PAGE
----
In the eight decades since the start of the Second World War, there has been an unending search of scapegoats to hold responsible for failing to prevent the greatest war in human history. For the British, one of the most persistent of these was the Treasury, whose "dead hand" has long been cited as a key factor holding back Britain's ability to adequately prepare for the threat posed by Nazi Germany. Were it not for the penny-pinching Treasury mandarins, the argument goes, His Majesty's army, navy, and air forces would have been in a better position to stop Germany, possibly even deterring the outbreak of war in Europe in the first place.
George Peden takes issue with this argument. In this dense but well-argued book, he makes the case that, contrary to the legend, the Treasury played a positive role in the rearmament of Britain in the 1930s. Drawing upon a range of documents from the Treasury, the Cabinet Office, and the service ministries (many of which had only been recently declassified at the time he wrote the book) he detailed the process of rearmament form the perspective of the Treasury, setting it in the context of contemporary perspectives and concerns. As he notes, throughout the 1930s the British were still grappling with the problems of the Great Depression, and while the economy was recovering steadily throughout the period it was of paramount importance to both politicians and civil servants to do nothing to jeopardize this. A major consideration in this respect was the argument of finance as the "fourth arm" of the British military effort, and the ongoing need to recover not just from the Depression but from the depletions of British finance caused by the First World War. Given these concerns, any rearmament efforts had to be measured ones.
Within those constraints, however, Peden sees the Treasury as playing a vital role in shaping rearmament efforts. Much of his book is about the role the Treasury played in this process, both in terms of policy formulation and in its implementation. Not only did the Treasury exert considerable influence in determining the amount of money budgeted for the military, they also played a role in determining on what that money would be spent. As Peden shows, much of this was done consultatively, taking into consideration the views of the respective service departments and the military professionals who headed the three branches. This forced the officials involved to determine their priorities in light of means, which, Peden concludes, "ensured that essential elements in Britain's defences were completed first", leaving the country better prepared for the long war that came about than it otherwise would have been.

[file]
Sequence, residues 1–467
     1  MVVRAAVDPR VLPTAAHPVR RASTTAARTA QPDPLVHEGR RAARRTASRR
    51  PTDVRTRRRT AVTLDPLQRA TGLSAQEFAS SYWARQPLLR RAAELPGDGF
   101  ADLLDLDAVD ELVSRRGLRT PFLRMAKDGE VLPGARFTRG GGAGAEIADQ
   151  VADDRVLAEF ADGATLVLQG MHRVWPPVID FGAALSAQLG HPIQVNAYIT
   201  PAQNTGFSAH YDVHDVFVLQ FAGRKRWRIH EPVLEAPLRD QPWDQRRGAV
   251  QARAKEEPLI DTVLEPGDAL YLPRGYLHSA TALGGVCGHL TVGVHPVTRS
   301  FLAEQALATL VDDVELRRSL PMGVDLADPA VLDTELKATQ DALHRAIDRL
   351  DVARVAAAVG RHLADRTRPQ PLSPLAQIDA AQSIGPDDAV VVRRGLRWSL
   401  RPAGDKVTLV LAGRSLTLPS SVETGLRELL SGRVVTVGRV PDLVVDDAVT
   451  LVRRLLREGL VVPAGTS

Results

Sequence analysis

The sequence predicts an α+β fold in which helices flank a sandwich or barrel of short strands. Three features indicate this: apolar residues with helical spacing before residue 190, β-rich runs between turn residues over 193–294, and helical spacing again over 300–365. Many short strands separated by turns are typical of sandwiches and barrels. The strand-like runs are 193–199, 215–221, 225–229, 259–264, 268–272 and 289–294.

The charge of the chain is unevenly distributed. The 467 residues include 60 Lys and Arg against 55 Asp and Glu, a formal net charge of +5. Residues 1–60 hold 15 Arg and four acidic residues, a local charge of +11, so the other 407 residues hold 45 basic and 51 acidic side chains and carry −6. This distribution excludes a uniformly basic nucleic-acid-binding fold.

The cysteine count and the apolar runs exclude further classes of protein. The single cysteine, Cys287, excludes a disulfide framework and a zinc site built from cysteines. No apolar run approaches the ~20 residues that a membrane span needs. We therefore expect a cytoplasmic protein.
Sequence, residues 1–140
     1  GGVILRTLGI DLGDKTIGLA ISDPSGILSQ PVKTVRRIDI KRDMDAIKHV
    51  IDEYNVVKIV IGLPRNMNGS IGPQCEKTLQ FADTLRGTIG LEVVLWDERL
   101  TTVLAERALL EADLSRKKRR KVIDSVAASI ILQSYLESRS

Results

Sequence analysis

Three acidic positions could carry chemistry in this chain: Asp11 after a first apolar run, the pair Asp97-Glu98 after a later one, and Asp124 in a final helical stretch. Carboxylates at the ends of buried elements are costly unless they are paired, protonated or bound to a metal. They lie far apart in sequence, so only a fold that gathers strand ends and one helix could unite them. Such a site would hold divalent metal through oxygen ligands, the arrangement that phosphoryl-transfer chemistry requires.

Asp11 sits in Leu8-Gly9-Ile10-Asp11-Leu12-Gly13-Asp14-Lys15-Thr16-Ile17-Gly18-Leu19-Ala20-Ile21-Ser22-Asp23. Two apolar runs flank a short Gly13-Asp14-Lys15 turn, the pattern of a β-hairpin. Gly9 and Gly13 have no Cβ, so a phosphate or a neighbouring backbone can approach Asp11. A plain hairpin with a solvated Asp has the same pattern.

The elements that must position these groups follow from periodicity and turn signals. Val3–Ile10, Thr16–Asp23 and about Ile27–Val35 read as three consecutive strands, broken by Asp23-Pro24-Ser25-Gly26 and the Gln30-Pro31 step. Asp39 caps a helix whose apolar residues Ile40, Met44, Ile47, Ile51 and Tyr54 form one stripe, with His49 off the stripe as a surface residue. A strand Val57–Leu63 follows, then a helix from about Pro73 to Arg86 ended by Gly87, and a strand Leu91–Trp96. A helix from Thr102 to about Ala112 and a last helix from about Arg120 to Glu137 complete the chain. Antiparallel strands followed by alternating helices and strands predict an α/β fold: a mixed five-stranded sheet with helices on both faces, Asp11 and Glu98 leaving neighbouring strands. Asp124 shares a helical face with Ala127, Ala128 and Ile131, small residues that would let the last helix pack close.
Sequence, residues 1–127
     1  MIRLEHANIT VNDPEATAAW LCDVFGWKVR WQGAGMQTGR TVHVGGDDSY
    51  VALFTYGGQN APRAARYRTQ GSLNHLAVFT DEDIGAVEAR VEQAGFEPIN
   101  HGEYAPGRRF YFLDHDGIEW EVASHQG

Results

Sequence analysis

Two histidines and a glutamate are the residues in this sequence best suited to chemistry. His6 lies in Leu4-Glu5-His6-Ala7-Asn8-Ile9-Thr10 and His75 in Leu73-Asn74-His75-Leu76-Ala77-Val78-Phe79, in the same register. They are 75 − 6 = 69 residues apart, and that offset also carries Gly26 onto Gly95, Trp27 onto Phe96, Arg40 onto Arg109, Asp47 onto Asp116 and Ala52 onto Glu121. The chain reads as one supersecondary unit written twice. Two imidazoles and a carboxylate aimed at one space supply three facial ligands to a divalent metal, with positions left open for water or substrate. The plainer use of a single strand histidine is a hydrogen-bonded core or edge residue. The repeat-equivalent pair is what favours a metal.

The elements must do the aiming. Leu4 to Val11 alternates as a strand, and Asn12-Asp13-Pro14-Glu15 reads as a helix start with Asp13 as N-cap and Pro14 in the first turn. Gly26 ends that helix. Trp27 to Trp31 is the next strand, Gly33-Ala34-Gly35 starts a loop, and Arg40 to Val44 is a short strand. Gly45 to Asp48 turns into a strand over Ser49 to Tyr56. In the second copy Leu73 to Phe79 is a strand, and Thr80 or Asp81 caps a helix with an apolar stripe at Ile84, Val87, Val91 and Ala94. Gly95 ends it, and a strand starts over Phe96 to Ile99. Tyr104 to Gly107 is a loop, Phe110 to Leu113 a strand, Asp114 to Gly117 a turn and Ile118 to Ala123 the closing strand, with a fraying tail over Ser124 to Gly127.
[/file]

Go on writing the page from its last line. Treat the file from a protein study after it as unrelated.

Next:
By shedding light on the sometimes opaque process of fiscal policy formulation and implementation, Peden provides readers with a valuable study of how Britain readied for war in the 1930s. In the process, he makes a convincing case for a more nuanced judgment of the Treasury’s role, one that gives it due credit for its efforts to prepare the armed services and the national finances for the conflict that followed. Though some of his related judgments can be harsh (his treatment of Stanley Baldwin is a little cold-blooded), his book is necessary reading for anyone interested in learning about a vital aspect of British rearmament in the years before the Second World War, one that is no less important for how little attention it receives.